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Deal with media interviews

Thanks to Mike Cashman for this sage advice.

Here is what has worked for me, to help to speak on the radio. It applies just as well to TV interviews unless they are live, when additional skills are needed.

  1. MESSAGE: Be clear about the main points you want to make. Ensure it is relevant to the theme of the programme. Make good notes. Be sure of any facts you want to use. But keep it simple.
  2. GET IN: Dial the number at first opportunity. If necessary keep dialling. I have always got through but sometimes needed to persist
  3. RESEARCHER:  You may speak  to a researcher  first.  They will want to know what your main point is and who you are (i.e. what is your position that gives you a view on this subject).
  4. PRODUCER: You may be called back by the producer, and then may have to explain your point again. If this happens you are likely but not definite to be on air. 
  5. PROGRAMME: Keep listening to the programme. You may be able to link your point to things others have said. 
  6. PRESENTER: Go with the flow of the presenter if that’s of interest. I may have been the first person on BBC radio to call for Cummings’ sacking on May 23rd because I went with the “Any Answers” producer’s question. But make sure you make your main point if that’s your purpose.
  7. OTHER CALLERS: If you’re on air with other callers, you need to be reasonable about listening, but don’t be bashful about making sure you have a fair share of the air time too. I recommend dealing with others’ points quickly and moving on to your substantive point; don’t spend all your time on the defensive.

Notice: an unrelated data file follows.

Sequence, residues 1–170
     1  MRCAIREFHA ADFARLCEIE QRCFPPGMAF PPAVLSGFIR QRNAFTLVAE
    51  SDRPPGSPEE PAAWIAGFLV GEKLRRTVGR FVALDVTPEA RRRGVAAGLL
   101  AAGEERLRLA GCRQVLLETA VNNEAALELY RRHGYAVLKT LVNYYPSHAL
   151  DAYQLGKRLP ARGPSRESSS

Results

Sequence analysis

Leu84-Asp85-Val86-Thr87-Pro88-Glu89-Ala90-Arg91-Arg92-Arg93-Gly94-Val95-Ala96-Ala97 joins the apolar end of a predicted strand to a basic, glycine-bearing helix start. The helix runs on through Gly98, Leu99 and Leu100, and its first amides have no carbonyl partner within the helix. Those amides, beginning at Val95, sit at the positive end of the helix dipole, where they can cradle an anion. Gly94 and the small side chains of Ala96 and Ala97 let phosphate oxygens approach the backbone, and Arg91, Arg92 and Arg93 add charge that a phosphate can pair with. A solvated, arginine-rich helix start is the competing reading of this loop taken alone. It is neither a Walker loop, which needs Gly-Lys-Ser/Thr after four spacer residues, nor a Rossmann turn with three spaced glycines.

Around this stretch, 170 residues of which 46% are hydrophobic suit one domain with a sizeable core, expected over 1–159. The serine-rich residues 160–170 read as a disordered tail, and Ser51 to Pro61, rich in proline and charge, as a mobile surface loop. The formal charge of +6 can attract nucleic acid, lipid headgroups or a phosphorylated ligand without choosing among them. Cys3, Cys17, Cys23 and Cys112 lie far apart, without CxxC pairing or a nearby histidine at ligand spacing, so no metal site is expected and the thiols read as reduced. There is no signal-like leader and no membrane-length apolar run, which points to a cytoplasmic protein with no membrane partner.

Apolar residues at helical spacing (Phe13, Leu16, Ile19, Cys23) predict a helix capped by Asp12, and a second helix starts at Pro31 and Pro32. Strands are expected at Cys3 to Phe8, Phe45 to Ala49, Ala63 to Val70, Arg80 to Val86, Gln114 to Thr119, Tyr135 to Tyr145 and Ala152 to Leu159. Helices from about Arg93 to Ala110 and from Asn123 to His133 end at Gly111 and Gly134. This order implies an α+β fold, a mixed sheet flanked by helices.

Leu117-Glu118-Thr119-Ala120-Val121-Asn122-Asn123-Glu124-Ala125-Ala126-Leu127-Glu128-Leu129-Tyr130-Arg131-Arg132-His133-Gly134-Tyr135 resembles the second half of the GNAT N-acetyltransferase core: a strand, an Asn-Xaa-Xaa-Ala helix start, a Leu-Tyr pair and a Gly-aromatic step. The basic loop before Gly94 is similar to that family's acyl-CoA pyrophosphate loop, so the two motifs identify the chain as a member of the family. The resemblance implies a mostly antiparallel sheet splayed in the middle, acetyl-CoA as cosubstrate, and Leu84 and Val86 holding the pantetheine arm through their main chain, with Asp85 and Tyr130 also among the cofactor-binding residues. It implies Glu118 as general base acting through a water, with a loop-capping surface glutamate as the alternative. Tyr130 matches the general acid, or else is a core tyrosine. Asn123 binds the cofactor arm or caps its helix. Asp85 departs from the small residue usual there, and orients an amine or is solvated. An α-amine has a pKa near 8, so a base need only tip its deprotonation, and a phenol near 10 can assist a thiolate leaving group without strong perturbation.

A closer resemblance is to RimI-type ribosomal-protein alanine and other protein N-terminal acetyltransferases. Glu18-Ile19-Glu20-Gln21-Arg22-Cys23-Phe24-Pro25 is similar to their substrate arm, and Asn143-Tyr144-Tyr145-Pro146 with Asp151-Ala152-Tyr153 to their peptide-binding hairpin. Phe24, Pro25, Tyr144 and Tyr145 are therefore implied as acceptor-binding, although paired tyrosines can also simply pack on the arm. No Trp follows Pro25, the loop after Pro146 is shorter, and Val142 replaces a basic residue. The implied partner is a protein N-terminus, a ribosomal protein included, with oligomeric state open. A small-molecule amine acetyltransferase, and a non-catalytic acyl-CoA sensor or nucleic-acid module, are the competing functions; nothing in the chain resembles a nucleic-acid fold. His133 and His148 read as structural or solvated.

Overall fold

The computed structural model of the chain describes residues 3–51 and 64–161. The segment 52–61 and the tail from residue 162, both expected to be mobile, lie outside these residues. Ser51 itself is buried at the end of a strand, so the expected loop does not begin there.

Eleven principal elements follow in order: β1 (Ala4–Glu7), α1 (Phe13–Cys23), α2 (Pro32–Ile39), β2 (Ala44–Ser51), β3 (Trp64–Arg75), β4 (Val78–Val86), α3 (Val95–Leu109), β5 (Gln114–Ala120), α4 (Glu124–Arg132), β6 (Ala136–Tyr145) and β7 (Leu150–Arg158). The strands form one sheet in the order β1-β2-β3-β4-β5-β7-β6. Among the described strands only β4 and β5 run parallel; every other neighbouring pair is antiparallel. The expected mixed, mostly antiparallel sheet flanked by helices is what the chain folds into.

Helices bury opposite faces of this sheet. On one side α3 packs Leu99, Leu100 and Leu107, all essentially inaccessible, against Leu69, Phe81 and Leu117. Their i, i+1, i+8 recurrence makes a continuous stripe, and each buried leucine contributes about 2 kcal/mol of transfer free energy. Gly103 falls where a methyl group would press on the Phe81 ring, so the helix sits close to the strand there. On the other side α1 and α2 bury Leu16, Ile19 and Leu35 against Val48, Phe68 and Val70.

8. CLOSE: Your “slot” may be short or long but will probably end when the presenter decides; don’t be afraid to try for a “last word” , e.g. “The key thing I just wanted to say is….” 
  9. AFTERWARDS: You can share a link on social media to your part on the programme. Consider transcribing your part of the programme  – for example will do this for a small fee.  As with letters, you can refer to your ‘spot’  e.g. if writing to your MP – this shows then that your views were considered to be significant and expressed well, and also tells them that the message has been heard by many people. So challenge your MP, or indeed equip them with it if you are blessed with an MP who will uphold your cause.

Mike Cashman, Viewdelta Author:

“I Don’t Beg Pardon, I’m Talking Bollocks From the Rose Garden”.

“Brexit’s a Musical Trick”.

“Brexit’s a Trick not a Treat”.

Example media interviews can be found at mainstream media.